An Unconventional Orientation to Global Health

Global Health Corps Fellow Samantha White with President Clinton and Chelsea Clinton in Lilongwe, Malawi. President Clinton & Chelsea visited Clinton Foundation project across Africa.

Clinton Health Access Initiative

My first weeks as a Global Health Corps (GHC) fellow with the Elizabeth Glaser Pediatric AIDS Foundation (EGPAF) in Malawi were radically different than I had imagined.

The orientation period at my previous jobs included the usual: reading and signing paperwork, attending meetings, and getting introduced to new people. Well, I definitely did my fair share of reading and signing papers (this must just be inevitable). I also attended meetings, albeit they were in rural villages beneath the shade of trees. And, I certainly met several new people: my supervisor, colleagues, and health care workers. And topping the list:  former U.S. President Bill Clinton and his daughter, Chelsea Clinton!

President Clinton and Chelsea were in Malawi’s capital, Lilongwe, to attend a series of meetings for the Clinton Health Access Initiative (CHAI), an initiative of the Bill, Hillary & Chelsea Clinton Foundation, which is one of the 44 partner organizations working with GHC this year.

CHAI kindly invited all of the GHC fellows based in Lilongwe to join them for a meet-and-greet with the former first family. President Clinton thanked the CHAI staff and the GHC fellows for their dedication to solving global health inequities. While I am lucky to have supportive parents who continue to share words of encouragement, there is nothing quite like a pat on the back from President Clinton to amplify my motivation to continue to pursue a career in global health.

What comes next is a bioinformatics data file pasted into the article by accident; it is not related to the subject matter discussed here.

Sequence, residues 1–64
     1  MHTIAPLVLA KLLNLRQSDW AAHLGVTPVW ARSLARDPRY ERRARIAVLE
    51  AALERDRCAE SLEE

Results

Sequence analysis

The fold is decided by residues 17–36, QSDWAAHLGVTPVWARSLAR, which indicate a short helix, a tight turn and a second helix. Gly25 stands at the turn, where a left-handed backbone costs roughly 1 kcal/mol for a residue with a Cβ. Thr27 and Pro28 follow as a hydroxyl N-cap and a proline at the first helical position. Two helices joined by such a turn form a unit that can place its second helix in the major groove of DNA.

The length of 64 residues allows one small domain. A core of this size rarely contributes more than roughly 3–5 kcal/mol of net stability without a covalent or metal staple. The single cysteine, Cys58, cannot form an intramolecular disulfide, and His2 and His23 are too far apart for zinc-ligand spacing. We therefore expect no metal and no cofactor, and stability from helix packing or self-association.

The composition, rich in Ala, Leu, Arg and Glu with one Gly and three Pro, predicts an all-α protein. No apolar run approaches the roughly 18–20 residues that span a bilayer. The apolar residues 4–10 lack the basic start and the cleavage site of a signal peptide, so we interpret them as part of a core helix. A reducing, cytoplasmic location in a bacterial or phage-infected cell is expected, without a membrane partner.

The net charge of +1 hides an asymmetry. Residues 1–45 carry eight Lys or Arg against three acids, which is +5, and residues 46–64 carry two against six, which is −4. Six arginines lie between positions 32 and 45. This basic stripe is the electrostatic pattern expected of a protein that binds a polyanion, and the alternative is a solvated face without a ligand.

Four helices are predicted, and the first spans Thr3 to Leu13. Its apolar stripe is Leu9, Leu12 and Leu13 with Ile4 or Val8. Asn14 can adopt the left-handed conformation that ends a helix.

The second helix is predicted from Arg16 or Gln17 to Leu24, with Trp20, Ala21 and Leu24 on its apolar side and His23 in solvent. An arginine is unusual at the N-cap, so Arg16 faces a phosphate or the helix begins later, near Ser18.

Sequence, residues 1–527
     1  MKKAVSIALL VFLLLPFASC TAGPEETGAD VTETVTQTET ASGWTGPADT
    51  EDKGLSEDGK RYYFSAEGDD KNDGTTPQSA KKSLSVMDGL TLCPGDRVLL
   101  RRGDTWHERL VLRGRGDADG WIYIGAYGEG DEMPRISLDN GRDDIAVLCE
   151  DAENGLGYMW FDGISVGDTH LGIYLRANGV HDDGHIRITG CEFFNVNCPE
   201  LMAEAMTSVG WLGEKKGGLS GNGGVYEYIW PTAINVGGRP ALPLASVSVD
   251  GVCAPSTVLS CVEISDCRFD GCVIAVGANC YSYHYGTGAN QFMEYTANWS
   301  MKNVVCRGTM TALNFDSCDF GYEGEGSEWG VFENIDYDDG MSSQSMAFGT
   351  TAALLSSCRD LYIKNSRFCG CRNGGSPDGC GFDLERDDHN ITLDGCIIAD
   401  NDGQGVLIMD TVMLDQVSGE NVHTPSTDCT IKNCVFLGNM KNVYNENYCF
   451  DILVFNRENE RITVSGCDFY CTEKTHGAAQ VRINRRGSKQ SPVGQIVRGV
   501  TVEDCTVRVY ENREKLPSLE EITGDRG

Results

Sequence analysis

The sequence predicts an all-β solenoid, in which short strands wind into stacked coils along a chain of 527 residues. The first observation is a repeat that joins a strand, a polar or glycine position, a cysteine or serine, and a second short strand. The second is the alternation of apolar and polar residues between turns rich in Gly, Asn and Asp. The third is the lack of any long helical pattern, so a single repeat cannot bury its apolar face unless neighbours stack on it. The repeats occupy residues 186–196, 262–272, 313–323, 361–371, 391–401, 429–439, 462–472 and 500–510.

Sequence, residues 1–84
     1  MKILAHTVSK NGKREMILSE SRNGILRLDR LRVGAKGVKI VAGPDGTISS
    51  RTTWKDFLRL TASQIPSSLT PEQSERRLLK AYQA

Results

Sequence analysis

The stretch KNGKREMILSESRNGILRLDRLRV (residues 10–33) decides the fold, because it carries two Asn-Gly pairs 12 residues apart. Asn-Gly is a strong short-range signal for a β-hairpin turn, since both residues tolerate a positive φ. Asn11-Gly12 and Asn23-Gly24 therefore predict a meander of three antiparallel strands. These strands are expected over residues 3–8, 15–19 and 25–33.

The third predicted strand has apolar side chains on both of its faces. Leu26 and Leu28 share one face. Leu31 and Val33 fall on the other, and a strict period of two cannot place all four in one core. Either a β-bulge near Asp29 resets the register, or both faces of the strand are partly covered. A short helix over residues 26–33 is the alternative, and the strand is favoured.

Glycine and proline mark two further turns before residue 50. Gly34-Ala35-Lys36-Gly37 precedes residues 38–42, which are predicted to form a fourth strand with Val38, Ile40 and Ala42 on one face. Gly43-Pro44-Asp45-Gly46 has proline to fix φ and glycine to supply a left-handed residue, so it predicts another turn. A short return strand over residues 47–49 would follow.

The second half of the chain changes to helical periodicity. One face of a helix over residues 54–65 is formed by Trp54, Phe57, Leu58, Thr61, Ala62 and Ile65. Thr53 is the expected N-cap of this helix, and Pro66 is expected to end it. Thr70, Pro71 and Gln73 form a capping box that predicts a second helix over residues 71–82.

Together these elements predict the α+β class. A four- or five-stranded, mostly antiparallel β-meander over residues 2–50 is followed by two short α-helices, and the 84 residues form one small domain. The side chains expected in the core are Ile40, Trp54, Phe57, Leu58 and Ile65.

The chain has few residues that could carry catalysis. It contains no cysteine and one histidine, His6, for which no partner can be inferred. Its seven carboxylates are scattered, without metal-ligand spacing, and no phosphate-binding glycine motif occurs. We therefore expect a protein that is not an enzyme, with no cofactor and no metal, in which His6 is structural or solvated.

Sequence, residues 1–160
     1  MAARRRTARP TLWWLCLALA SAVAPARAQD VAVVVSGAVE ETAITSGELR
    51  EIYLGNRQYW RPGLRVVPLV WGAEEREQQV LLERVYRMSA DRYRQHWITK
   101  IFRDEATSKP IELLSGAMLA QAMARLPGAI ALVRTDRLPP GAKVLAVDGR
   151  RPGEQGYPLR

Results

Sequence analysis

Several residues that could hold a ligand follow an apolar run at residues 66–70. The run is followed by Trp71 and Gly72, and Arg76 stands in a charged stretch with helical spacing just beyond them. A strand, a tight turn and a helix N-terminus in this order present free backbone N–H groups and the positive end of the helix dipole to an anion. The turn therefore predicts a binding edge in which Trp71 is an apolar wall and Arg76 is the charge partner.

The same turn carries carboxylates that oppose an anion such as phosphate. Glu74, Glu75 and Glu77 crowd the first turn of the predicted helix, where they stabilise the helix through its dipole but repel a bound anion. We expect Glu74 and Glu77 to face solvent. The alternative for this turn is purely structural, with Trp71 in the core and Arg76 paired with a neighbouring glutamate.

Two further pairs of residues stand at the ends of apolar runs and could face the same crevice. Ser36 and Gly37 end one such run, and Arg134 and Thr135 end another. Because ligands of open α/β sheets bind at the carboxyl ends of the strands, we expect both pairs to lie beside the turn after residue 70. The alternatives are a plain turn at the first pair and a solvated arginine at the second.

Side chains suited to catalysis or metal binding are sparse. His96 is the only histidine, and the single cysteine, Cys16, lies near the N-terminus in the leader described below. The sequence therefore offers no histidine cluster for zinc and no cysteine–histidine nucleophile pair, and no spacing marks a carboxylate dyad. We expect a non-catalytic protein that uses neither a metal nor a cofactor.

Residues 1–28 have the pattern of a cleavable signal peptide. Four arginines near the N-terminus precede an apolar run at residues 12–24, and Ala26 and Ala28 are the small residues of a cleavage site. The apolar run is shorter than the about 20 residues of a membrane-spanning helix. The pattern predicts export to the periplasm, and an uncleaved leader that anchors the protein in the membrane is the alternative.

Having recently completed my master’s degree in public health, I believe that I learned as much in my first two weeks in Malawi as I did in any semester-long course at school. Just the other day, I was listening to health workers of community-based organizations in Nkhotakota talk about the challenges they face in referring patients to get tested for HIV.

Barriers such as stigma seem more realistic and difficult to manage in conversations than they do in peer-reviewed articles. However, solutions also seem more promising when they are born from community members rather than from classrooms thousands of miles away.

I am quickly learning my greatest asset won’t be my ability to draw a logic model. Instead, it will be my ears and my fearlessness to ask provocative questions. If it means helping to promote positive social change, then I am ready to listen and inquire.

Admittedly, these first few weeks have been exciting, educational, and undoubtedly exhausting. But, if they are any indication as to what the coming year has in store --bring it on! Please!

Samantha White is a GHC Fellow working for EGPAF in Malawi. Click here for more about EGPAF’s new class of GHC Fellows